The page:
This action might not be possible to undo. Are you sure you want to continue?
A Free Excerpt From Life Drawing:
How to Portray the Figure with Accuracy and Expression
by robert barrett
I gave him frequent breaks. Gridding Mapping the Figure This model had great anatomical definition.Mapping. He also had lots of energy and found it difficult to sit still. Consequently. 5 Seated Male Figure Nupastel on paper 30" × 22" (76cm × 56cm) Collection of the artist 2 . which made mapping his figure easier. Measuring.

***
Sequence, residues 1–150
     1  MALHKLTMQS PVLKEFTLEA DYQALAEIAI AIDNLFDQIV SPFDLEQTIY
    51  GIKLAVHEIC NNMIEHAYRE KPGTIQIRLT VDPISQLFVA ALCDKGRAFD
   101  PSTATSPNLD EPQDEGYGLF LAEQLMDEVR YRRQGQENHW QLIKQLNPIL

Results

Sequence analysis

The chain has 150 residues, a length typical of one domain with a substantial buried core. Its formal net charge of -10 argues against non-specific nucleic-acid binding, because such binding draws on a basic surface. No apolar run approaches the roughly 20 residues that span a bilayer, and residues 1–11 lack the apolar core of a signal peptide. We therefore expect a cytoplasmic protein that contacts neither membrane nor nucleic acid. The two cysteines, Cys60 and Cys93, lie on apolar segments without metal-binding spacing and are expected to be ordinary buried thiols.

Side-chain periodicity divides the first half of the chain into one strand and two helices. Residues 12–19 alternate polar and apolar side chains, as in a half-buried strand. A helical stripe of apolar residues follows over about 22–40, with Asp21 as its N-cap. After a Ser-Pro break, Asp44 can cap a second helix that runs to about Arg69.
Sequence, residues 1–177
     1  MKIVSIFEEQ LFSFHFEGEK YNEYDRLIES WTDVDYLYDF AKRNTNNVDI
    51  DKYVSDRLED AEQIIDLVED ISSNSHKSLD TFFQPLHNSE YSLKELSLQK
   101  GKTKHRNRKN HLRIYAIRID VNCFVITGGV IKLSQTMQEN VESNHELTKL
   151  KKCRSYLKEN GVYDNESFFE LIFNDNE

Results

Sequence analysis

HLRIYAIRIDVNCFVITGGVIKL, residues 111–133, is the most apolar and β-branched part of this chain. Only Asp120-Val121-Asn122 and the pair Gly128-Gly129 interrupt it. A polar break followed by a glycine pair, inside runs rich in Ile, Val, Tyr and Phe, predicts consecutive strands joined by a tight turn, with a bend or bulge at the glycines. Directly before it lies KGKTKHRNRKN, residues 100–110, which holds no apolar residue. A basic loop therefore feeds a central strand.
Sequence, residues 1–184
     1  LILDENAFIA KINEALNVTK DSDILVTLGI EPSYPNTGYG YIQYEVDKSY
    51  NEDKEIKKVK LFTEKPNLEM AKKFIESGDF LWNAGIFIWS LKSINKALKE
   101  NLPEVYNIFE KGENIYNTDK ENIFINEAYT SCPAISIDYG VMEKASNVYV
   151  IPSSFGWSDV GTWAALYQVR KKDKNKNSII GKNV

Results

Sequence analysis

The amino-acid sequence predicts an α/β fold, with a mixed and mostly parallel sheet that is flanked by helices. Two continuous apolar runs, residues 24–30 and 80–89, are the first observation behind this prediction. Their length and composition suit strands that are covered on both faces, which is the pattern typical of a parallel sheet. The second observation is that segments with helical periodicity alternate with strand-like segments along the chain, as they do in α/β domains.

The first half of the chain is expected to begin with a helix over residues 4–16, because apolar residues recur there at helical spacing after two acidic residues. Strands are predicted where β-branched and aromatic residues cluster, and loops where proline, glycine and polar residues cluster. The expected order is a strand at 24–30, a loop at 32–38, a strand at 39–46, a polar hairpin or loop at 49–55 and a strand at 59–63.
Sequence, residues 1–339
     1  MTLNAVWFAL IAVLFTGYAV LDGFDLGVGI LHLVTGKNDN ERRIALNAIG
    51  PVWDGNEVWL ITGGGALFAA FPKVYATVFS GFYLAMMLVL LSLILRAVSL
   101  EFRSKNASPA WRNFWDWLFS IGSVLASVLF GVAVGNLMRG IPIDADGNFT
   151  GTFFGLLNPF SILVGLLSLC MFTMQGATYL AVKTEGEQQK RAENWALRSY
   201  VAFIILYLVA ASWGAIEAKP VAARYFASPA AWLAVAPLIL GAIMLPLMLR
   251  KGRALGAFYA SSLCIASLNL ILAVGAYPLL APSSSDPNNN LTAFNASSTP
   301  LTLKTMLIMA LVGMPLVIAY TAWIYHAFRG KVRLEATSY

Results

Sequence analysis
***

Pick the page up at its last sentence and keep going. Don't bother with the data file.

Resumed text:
you’re well on your way to adding conviction to the drawing process.Using a grid to measure and map the figure is not a new process. nonetheless. These are often located at points where two angles intersect or at “hard places” where the skeleton is close to the surface. compasses and framing devices such as a viewfinder. Though some examples of gridding may seem complicated or complex. 3 . If you know that a certain point in your drawing is accurate and that other points are correct in their relationship to that point. Renaissance artists Leonardo da Vinci and Albrecht Dürer used the device extensively. I suggest using a simple form of gridding to plot points and angles when completing a traditional drawing because it will help you establish the correct position and dimension of proportional relationships. a useful tool for adding objectivity to a drawing. It’s helpful to use only straight lines during this process because landmarks will occur at intersections where the angle of each line changes direction. Other tools used to eliminate unwanted subjectivity include mirrors. Using a Grid Create an “envelope” around the Figure A first step in gridding the subject is placing an “envelope” around the outside edges of the figure. Plot the inside landmarks After you establish the envelope and create the outside angles and proportions. this measuring process is. I have concluded that the practice of measuring establishes accuracy in a drawing and instills both confidence and conviction in the artist. there are many historical examples of gridding. look for inner landmarks. in fact. Through my years of teaching.